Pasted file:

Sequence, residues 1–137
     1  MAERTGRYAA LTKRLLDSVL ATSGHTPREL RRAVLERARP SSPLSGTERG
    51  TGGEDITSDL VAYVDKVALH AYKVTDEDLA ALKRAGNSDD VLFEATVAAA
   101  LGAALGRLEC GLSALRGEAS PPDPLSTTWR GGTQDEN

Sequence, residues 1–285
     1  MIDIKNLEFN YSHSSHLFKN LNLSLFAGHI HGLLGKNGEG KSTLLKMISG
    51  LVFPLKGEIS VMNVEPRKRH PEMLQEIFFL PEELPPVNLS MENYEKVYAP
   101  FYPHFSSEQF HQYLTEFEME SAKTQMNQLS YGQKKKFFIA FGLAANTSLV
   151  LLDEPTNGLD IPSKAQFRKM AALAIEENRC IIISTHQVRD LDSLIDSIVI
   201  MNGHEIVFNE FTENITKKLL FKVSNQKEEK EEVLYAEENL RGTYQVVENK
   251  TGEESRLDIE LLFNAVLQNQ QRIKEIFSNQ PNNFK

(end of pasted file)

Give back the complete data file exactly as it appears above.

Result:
Sequence, residues 1–137
     1  MAERTGRYAA LTKRLLDSVL ATSGHTPREL RRAVLERARP SSPLSGTERG
    51  TGGEDITSDL VAYVDKVALH AYKVTDEDLA ALKRAGNSDD VLFEATVAAA
   101  LGAALGRLEC GLSALRGEAS PPDPLSTTWR GGTQDEN

Sequence, residues 1–285
     1  MIDIKNLEFN YSHSSHLFKN LNLSLFAGHI HGLLGKNGEG KSTLLKMISG
    51  LVFPLKGEIS VMNVEPRKRH PEMLQEIFFL PEELPPVNLS MENYEKVYAP
   101  FYPHFSSEQF HQYLTEFEME SAKTQMNQLS YGQKKKFFIA FGLAANTSLV
   151  LLDEPTNGLD IPSKAQFRKM AALAIEENRC IIISTHQVRD LDSLIDSIVI
   201  MNGHEIVFNE FTENITKKLL FKVSNQKEEK EEVLYAEENL RGTYQVVENK
   251  TGEESRLDIE LLFNAVLQNQ QRIKEIFSNQ PNNFK